ESBWA's Submission to the Inquiry into the Fair Work Legislation Amendment (Closing Loopholes) Bill 2023
In our submission to the inquiry into the Fair Work Legislation Amendment (Closing Loopholes) Bill, Entrepreneurial & Small Business Women Australia (ESBWA) says any attempt to change the definition of an independent contractor to ensure more workers are treated like employees could negatively impact the 1.1 million people who are currently working as independent contractors as well as the small businesses that contract to them.
ESBWA's Submission to the Review of the implementation of the 1 July 2022 changes to the Commonwealth Procurement Rules
The Australian Small Business and Family Enterprise Ombudsman is examining the impact of the implementation of the 1 July 2022 changes to the Commonwealth Procurement Rules on small and family businesses.
ESBWA has made a submission to the ASBFEO inquiry, calling on the government to take steps to further improve procurement processes to better support female-led SMEs.
In the Media
Australia's small business owners need more support
Many of Australia's small business owners are currently locked in a battle with their mental health.
An article written by ESBWA CEO Amanda Rose, published in The Canberra Times, brought to light the silent struggles of small business owners.
- Small business owners aren’t immune to the anxieties of the current economic climate.
- Misconceptions about the stability or financial status of small business owners fail to recognise the hard work behind the success.
- The risk and sacrifice required to run a small business is often downplayed.
In these challenging times, small business owners need their community to back them. They also need a supportive network of fellow entrepreneurs - a tribe of like-minded individuals who understand the unique struggles they face.
It's high time we shed light on the silent struggles of Australian small business owners and give them the support they deserve. We must recognise their immense contributions to our economy, applaud their resilience, and extend a helping hand.
Could the four-day work week do more harm than good for Australian small businesses?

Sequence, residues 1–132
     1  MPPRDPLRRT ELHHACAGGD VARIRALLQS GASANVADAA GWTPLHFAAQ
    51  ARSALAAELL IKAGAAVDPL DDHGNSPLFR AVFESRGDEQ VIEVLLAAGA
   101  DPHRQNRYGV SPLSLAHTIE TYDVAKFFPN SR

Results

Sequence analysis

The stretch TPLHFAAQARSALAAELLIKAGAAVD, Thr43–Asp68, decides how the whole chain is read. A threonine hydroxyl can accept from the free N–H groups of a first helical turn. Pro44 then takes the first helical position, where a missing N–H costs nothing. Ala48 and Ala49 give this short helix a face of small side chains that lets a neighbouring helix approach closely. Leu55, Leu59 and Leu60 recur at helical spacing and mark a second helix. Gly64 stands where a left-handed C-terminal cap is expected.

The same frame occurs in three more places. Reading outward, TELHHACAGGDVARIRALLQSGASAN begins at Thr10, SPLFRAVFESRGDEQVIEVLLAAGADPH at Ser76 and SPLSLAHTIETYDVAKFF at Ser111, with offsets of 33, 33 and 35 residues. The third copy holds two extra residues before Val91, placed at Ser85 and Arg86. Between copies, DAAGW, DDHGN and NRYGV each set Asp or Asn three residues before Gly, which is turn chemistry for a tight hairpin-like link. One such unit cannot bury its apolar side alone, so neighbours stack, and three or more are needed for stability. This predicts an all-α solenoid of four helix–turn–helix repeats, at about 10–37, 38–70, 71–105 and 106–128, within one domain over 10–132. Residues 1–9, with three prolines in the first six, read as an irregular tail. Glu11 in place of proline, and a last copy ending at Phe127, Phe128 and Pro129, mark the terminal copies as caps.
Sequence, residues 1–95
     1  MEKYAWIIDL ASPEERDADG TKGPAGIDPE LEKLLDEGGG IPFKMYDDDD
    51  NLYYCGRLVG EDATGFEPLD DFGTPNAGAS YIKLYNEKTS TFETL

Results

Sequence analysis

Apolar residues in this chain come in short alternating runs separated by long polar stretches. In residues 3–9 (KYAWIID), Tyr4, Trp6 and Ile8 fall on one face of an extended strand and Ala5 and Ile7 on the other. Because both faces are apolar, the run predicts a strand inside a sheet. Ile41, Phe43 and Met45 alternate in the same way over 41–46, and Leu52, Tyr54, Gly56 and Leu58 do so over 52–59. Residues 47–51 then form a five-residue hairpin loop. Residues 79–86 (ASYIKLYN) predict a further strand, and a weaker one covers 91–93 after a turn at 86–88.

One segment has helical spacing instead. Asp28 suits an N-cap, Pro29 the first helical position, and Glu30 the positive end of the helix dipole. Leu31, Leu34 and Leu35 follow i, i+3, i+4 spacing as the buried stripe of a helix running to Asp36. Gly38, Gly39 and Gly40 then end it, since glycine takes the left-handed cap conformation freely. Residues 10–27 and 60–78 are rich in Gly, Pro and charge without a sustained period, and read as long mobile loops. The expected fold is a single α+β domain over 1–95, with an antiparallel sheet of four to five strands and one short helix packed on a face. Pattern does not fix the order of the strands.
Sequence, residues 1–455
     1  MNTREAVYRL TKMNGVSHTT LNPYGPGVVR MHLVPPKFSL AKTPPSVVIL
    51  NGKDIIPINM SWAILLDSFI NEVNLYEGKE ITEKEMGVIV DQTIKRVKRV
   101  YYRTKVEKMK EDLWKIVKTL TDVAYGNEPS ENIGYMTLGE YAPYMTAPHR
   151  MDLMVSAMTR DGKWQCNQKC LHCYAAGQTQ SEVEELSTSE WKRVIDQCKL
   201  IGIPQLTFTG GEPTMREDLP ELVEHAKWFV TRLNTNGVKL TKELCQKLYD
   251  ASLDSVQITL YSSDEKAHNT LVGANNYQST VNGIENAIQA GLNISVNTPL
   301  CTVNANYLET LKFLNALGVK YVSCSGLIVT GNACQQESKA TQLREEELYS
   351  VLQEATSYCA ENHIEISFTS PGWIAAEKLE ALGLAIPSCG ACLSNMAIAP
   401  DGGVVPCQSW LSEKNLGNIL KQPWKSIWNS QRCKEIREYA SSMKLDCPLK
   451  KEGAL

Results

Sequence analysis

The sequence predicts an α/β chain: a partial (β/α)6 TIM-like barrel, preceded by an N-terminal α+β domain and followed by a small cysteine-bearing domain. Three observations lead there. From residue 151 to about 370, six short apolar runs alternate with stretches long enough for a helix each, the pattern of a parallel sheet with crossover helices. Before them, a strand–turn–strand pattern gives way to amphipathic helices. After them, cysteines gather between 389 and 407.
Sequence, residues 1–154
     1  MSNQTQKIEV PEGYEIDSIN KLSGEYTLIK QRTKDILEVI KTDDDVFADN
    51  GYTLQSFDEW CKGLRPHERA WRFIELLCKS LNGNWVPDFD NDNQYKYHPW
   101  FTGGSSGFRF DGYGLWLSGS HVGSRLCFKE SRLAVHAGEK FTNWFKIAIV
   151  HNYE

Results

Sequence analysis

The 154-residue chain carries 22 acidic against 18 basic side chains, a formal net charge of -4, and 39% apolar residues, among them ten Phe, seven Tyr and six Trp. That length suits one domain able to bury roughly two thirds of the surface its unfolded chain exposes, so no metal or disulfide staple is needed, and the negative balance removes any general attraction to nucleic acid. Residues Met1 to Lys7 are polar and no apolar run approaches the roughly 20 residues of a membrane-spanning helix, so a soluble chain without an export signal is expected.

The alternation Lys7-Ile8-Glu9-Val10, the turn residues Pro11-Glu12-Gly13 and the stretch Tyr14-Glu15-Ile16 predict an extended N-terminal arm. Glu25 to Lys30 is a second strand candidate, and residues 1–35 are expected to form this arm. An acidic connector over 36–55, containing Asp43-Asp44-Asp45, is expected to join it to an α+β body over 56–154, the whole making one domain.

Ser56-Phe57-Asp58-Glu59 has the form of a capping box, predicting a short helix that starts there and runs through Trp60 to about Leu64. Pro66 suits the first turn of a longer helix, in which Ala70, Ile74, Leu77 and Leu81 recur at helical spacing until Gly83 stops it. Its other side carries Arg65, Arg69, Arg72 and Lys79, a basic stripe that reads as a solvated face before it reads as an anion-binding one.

ESBWA CEO, Amanda Rose, in her opinion piece on SmartCompany, highlighted the concerns of small business owners and called on decision-makers to carefully consider the full implications that such a work model could bring.
- Smaller businesses may struggle to sustain their operations under this system, potentially leading to reduced productivity, delayed outcomes, and financial strain.
- If larger enterprises offer a shorter work week for the same pay and benefits, attracting skilled workers to small businesses would become increasingly challenging.
- Increased burden will be placed on small business owners who are already working long hours under immense pressure
Policymakers, business leaders, and employees must engage in thoughtful dialogue to identify solutions that can preserve the vitality of small businesses while promoting a healthy work-life balance for all employees. Most importantly, the concerns of small businesses must be addressed in order to preserve their valuable contributions to the economy and community.
'We're not starting at zero. Women start at minus 1000'
ESBWA CEO, Amanda Rose, has been featured in The Australian Financial Review, commenting on the 10-year plan developed by the Business Council of Australia for female entrepreneurs to get access to government-backed venture capital.
After a decade of advocating for extra support for female small business founders Amanda is “thrilled someone is finally listening”.
“It’s not an equal playing field here, Women are out there hustling, but we’re not starting at zero. Women start at minus 1000 and then when they succeed, people forget that she came from behind because people didn’t take her seriously.”
“Failure happens across the board, but with women, there is a perception that ‘you don’t have the resilience or you don’t have the idea or you’re not going to put in the effort’.”
ESBWA supports the plan and recognises that new procurement policies for government and businesses are needed to boost purchasing from female-led start-ups.